I was writing about ‘loneliness’ back in 2018 – before Covid and mass remote working was amongst us and before the global energy crisis and inflation started pressing in on people’s lives.

Despite a lot of parliamentary gesturing and the setting up of the government’s Tackling Loneliness Network, the Office for National Statistics has revealed that even after the lifting of social restrictions, more people are now chronically lonely than before the pandemic and younger people are still more likely to report feeling lonely than older people.

May gave us Mental Health Awareness Week and a special focus on loneliness and earlier this month it was Loneliness Awareness Week with the Department for Digital, Culture, Media and Sport encouraging people to Lift someone out of lonelinessas part of the Better Health Every Mind Matters campaign. These are all worthy initiatives, helping to bring attention to such a key issue, but frequently it’s businesses that are being left to tackle the negative impact loneliness can have on the people they employ. Not only having to handle the long-term effects on people’s mental and physical wellbeing, but managing the negative impact loneliness can have on business productivity and staff retention. Recent research estimates that loneliness costs UK employers a shocking £2.5 billion every year.

So what practical things can managers do to help prevent team members feeling isolated and alone?

  • Active listening – one of the most underrated management skills has to be active listening. Taking time to listen and find out about team members, their interests and concerns, their life outside work, builds a more supportive relationship and helps avoid the build-up of issues and problems that can then impact on someone’s wellbeing and performance.
  • Avoid assumptions – loneliness is subjective and although associated with an increased risk of certain mental health problems, will not affect everyone in the same way. Being able to ask team members how they are feeling and creating a safe space for them to speak freely with managers, helps build important psychological safety.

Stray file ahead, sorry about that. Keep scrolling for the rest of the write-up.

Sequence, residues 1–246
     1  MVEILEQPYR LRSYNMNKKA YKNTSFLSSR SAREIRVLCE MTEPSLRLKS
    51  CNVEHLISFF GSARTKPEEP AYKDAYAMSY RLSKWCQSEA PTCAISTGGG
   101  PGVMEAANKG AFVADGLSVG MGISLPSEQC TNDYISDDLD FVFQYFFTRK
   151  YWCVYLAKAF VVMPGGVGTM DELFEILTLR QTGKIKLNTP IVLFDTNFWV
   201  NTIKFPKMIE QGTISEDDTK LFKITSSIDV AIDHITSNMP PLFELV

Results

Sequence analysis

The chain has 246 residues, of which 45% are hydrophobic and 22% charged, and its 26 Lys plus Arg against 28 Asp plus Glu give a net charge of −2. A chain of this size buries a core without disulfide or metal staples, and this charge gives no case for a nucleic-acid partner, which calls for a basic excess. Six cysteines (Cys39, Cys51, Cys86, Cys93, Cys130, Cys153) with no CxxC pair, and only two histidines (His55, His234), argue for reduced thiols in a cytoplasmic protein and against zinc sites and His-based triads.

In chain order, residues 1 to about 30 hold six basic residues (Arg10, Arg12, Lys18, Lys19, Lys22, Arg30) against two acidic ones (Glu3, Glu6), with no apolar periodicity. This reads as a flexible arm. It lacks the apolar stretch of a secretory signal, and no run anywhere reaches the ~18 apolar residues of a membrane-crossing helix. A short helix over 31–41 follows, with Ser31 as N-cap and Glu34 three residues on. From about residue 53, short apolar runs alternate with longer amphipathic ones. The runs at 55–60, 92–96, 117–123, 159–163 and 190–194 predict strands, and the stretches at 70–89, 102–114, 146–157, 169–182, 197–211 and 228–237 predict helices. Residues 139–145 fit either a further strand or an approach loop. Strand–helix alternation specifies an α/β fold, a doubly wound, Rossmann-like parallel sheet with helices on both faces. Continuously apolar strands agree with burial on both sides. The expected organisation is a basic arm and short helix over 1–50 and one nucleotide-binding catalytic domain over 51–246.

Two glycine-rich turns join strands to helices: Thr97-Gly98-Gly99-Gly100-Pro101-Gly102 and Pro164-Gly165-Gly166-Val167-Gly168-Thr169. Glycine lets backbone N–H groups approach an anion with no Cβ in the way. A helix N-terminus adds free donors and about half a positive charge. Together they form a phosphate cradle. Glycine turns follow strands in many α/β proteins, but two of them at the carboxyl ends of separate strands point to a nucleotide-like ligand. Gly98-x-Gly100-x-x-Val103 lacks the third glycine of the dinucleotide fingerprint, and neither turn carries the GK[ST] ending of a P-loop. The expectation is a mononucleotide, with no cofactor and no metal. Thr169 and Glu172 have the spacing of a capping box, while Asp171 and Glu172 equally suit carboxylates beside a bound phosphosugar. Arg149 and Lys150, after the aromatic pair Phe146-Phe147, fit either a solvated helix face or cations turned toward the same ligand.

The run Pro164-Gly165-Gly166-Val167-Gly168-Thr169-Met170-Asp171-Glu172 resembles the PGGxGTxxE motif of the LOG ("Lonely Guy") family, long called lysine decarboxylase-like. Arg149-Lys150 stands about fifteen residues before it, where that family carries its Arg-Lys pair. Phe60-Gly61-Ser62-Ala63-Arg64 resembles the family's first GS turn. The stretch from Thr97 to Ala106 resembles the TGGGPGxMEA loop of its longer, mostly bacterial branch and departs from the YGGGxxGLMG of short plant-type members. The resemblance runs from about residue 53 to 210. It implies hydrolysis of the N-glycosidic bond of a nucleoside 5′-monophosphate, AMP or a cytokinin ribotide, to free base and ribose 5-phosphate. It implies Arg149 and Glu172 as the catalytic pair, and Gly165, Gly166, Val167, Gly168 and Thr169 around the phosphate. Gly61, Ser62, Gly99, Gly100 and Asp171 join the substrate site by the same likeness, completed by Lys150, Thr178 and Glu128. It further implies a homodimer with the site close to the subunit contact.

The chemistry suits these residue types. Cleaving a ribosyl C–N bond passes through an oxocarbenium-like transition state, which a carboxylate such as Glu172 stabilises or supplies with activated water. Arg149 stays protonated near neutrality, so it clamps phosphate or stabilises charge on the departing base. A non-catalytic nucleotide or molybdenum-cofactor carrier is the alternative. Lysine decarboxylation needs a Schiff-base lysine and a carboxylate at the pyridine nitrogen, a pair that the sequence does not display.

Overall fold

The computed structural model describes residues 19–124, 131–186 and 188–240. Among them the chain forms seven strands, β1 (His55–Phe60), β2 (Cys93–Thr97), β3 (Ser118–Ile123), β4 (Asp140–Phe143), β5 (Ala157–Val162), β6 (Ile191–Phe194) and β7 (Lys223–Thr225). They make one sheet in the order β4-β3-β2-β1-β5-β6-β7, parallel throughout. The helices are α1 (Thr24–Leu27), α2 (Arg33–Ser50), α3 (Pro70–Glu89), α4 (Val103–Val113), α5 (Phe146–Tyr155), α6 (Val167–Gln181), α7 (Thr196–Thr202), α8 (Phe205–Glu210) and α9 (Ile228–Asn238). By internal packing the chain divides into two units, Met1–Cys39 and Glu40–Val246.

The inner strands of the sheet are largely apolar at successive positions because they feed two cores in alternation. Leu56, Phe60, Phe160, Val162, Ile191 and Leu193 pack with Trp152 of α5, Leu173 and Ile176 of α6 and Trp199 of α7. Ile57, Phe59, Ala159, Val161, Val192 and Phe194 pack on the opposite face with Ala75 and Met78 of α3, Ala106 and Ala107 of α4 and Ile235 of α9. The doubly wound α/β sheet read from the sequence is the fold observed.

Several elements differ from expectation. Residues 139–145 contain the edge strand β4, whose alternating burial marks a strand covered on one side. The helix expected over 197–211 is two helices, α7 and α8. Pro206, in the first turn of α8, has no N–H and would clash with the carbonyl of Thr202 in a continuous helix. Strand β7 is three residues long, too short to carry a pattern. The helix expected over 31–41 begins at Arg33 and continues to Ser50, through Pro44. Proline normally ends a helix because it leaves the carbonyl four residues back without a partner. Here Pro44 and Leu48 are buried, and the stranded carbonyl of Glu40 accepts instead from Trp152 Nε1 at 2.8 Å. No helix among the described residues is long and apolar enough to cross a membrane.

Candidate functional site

• Watch terminology – it can be easy to unintentionally stigmatise loneliness, by using words like ‘suffering’ from loneliness or ‘admitting’ to loneliness. Alternatively, using words like ‘experiencing’ loneliness or ‘telling’ someone about being lonely helps to normalise the conversation about loneliness and can encourage people to open up about it.
  • Small gestures – in our busy lives it can be easy to forget the little things in an employee’s life – a birthday, a difficult anniversary, or how they take their coffee. Yet it is an important part of helping make people feel valued, acknowledged and appreciated.
  • Social time – pressurised deadlines and heavy workloads can push the scheduling of social activities down the agenda, but social interactions are especially important when remote or hybrid working. However, social events require careful thought and planning to make them appropriate and inclusive and employees should be involved in the decision making. Even including non-work-related conversations at the end of a team meeting or asking people about their day can be beneficial.
  • Collaboration – regardless of where someone is on the extroversion/introversion spectrum, humans are social beings and can benefit from joint interactions, so encouraging meaningful collaborations, team projects or even a buddy system for new employees can help people feel more connected and less alone.

      Whilst researching cost-effective ways to help some of my clients, I also came across the Tackling Loneliness Hub which is a useful online platform that provides a learning and exchange space on the subject of loneliness and draws together research and resources in one place, for those who would like to find out more.

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